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July 2nd, 2017, 03:42 PM   #11
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Quote:
Originally Posted by chopnhack View Post
. . . fairly accurate
What exactly does that mean?
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July 2nd, 2017, 03:55 PM   #12
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Quote:
Originally Posted by skipjack View Post
What exactly does that mean?
It means that there is experimental error in the performance of the lab which vary from heat loss of the apparatus, measurements, mathematical loss between equations and rounding, etc.
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July 2nd, 2017, 05:45 PM   #13
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What does "fairly accurate" mean, as distinct from, say, "roughly accurate" or "not very accurate"? Can your data values be 10% too low, for example? If not, how do you know?
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July 2nd, 2017, 06:59 PM   #14
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Well I have tremendous sympathy with the student here. Apparently the "professor" did not explain about calibrating instruments, estimating experimental error, or the dangers of extrapolating far from the range of observed data. When you have an idiot for a teacher, you must expect rather confused questions from the student.

The experiments were done around 0-100 degrees Celsius, but the teacher demands a graph extending to absolute zero. The teacher is a fool, a charlatan, or both.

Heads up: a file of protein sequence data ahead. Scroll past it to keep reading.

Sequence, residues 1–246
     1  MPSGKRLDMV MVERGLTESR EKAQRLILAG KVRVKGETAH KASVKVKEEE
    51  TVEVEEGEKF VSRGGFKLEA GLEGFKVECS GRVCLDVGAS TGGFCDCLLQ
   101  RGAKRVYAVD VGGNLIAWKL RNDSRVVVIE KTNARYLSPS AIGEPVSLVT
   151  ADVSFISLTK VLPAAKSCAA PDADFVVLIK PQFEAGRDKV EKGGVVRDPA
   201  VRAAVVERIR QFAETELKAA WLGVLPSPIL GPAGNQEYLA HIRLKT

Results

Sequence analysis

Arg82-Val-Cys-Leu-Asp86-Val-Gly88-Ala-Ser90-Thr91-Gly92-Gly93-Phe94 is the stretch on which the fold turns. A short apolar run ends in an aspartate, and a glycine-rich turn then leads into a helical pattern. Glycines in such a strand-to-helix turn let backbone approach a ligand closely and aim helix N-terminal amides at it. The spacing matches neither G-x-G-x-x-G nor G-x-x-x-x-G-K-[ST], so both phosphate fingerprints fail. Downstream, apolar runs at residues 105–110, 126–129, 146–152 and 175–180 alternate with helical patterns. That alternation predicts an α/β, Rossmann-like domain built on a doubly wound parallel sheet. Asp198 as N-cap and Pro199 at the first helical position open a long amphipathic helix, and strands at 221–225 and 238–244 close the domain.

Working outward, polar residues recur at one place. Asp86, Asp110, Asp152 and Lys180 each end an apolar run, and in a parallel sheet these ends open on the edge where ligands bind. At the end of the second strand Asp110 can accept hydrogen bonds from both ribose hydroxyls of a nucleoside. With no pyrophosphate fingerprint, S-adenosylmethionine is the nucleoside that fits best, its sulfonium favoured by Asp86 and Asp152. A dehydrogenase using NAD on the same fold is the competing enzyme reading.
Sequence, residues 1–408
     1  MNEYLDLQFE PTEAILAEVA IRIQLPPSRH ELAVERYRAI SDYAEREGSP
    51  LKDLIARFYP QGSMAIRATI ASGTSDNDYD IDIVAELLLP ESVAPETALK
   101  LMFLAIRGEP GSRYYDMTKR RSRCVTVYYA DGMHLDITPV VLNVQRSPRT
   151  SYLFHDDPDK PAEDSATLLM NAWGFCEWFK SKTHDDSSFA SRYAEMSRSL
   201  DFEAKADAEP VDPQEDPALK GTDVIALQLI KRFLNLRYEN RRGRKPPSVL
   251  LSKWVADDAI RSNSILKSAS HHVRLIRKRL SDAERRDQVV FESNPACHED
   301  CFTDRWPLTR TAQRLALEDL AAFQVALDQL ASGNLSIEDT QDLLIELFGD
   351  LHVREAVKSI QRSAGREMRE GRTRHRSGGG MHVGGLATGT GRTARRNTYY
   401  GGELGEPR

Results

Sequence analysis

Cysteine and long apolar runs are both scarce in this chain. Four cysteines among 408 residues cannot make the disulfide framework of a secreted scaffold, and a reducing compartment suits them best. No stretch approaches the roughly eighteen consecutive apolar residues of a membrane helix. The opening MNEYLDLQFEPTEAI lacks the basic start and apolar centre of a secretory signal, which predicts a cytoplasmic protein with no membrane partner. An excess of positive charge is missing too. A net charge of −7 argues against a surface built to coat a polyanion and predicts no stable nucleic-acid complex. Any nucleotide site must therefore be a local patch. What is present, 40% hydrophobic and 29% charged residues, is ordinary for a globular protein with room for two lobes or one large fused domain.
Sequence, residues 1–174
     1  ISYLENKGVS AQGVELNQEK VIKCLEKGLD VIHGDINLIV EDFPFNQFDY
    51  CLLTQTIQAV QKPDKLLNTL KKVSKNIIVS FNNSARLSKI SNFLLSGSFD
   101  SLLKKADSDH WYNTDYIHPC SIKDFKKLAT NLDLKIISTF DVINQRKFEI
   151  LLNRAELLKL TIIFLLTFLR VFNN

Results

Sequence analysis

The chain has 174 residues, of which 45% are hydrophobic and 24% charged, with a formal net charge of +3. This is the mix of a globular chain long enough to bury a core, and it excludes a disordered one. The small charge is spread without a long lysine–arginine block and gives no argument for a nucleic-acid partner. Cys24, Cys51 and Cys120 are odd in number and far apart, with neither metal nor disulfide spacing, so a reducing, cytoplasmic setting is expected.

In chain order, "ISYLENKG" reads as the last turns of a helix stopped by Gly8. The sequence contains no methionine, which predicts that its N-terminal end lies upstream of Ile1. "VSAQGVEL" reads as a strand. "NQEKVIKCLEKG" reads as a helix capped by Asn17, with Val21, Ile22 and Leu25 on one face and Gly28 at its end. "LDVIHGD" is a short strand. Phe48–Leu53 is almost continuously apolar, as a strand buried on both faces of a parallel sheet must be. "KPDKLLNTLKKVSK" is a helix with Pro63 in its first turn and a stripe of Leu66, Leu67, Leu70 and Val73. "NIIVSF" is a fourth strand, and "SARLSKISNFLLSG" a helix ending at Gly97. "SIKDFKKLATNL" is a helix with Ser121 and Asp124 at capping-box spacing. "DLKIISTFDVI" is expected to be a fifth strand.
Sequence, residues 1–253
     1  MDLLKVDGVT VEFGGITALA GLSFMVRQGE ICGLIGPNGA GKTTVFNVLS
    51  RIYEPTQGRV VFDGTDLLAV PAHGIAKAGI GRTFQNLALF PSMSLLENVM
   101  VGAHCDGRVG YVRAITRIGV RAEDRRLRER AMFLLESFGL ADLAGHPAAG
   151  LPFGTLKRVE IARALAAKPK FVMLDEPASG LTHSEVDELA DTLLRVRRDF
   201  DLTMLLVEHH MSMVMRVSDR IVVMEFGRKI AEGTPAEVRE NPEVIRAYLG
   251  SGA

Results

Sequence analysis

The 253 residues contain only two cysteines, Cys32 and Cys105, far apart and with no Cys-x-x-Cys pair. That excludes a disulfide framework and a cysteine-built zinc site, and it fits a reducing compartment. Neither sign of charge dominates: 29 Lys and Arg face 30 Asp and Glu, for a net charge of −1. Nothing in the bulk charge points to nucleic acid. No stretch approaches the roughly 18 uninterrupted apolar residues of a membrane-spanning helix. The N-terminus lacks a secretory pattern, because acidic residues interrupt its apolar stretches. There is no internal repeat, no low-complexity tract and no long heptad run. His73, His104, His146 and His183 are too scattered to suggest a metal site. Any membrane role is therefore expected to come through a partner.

I have had employees trained by such idiots. Fortunately, if you get to the victims early enough, quite a few can be rescued.
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Last edited by JeffM1; July 2nd, 2017 at 07:02 PM.
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July 2nd, 2017, 07:17 PM   #15
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I wouldn't be too rash in your assessment of the professor. They are teaching students at a state college level, many of whom probably barely passed high school. The content is not complete nor too in depth for the abbreviated summer semester that the course is being given in.

I do not count myself in this group. I happen to already have a bachelors in science and have done work in lab settings before. I recognize flaws in the methodology and limitations in the equipment. I just thought that producing a log plot would clean up the graph more. In the sense that there would be more room to view the given data points, why waste the space showing absolute zero, when the differentiation between the experimentally derived data is more important to graph accurately. I contacted him about this and he said strictly graph pressure versus temperature.

I am not the strongest in math, but I am not afraid of it either I need to develop more skill in log, ln, e and the manipulations of such.
Thanks again for the assistance.
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